Getting Personal: How can Each of us Live in a World of Corporate Silos — While also Building a World that Transcends them?!
Giving Individuals Control and Knowledge of their Personal Information held by Others – What are the Consequences?
Trust Frameworks – Internet Identity – Life Management Platforms
This roundtable will examine the role of socially-verified trust networks in the emergence of Internet identity and the personal data ecosystem.
The GINI-SA Project of the EU
GINI-SA is a Support Action for the EC which aims to analyse how a Personalized Identity Management (PIM) ecosystem in which individuals can manage their own digital identities and control the exchange of their identity information.
Under the GINI vision, individuals would manage their identities by means of an Individual Digital Identity (‘INDI’). An INDI can be described as a self-generated and self-managed digital identity, which is verifiable against one or more authoritative data sources.
Once created, users would have the ability to link their INDI with authoritative identity data maintained by both public- and private-sector entities. This data (or links thereto) could then be presented by the user towards relying parties. The user might wish to do this in order to meet transactional requirements (e.g., access control conditions set by a relying party) or underpin her trustworthiness towards others in various real life situations (e.g., verifying her education or presenting her skills when applying for a job).
The main objectives of GINI include:
1. Decoupling the activation of digital identities from the use of any particular identifier, and to support the use of multiple identities and/or identifiers;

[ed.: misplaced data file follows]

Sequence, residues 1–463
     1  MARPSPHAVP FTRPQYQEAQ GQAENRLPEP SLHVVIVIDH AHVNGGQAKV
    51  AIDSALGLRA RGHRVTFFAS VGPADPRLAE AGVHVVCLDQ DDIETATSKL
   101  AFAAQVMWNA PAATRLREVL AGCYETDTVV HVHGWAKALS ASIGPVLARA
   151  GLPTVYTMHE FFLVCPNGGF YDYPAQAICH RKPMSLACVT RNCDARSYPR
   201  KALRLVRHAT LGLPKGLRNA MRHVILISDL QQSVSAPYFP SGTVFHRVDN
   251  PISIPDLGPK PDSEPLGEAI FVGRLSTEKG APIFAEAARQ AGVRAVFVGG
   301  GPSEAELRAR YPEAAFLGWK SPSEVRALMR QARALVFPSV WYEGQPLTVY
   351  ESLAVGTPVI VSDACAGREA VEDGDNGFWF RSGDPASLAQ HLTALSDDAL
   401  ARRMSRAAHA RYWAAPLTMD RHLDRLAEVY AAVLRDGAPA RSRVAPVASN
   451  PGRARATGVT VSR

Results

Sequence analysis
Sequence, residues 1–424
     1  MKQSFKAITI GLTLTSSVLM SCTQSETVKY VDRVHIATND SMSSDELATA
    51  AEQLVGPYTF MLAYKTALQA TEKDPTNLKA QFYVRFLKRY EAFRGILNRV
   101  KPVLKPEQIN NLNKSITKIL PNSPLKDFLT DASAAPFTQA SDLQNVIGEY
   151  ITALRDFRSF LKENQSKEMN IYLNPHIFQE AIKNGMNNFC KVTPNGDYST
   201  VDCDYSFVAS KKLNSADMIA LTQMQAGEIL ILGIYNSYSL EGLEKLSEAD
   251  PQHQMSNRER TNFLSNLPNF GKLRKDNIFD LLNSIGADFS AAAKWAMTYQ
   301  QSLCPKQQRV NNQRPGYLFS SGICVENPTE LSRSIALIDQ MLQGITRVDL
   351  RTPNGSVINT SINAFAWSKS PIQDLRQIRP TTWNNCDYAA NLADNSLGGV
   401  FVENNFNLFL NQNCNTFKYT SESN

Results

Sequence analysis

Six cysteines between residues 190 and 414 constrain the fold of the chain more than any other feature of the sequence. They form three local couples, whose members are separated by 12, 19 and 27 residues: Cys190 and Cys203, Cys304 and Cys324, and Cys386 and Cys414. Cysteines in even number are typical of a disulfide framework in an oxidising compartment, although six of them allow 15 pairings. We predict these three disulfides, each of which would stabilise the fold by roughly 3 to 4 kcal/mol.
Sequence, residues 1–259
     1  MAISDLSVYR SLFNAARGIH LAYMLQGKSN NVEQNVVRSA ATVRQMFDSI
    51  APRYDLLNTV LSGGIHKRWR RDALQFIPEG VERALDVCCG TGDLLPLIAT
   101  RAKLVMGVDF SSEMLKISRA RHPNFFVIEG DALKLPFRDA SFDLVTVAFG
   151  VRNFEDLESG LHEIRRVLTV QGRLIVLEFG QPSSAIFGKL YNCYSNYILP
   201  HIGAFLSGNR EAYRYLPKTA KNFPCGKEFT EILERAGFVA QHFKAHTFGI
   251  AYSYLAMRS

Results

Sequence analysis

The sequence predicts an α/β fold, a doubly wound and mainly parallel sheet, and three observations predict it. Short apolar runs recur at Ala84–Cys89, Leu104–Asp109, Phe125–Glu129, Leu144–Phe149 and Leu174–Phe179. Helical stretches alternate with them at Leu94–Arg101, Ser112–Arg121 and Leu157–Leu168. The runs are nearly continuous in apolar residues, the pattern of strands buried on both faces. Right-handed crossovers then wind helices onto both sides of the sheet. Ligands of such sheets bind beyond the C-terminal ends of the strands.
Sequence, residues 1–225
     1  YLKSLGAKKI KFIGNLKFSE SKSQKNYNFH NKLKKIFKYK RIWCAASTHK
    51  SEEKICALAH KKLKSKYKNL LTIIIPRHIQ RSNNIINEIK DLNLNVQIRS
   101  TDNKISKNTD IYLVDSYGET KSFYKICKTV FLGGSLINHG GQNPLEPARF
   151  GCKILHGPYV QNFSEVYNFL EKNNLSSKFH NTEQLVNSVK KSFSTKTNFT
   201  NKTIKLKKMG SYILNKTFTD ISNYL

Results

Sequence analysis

2. Allowing users to exercise full control as to who is able to verify her identity and through which processes;
3. Enabling user control every phase of their digital identities’ life cycle (creation, change, management, revocation, etc.);
4. Identifying the ways and means through which a separation of identifiers and other identity attributes can be implemented in a user-friendly manner;
5. Outlining the main properties of a digital identity ecosystem that is efficient and yet capable of enabling maximum control of users over their digital identities;
6. Determining the prerequisites for operators so that a viable business model can be established.
GINI further examines the technological, legal, regulatory and privacy-related dimensions of the gap between the current state of the art and the vision for a functional INDI ecosystem beyond 2020. Detailed examinations of these gaps have been carried out in the individual work packages of the project. The following sections briefly introduce the major gaps identified thus far.
The aim of this presentation would therefore be to engage stakeholder representatives from the policy and industry domain and exchange views that will be taken into account for the formulation of the White Paper and Roadmap GINI will publish within 2012.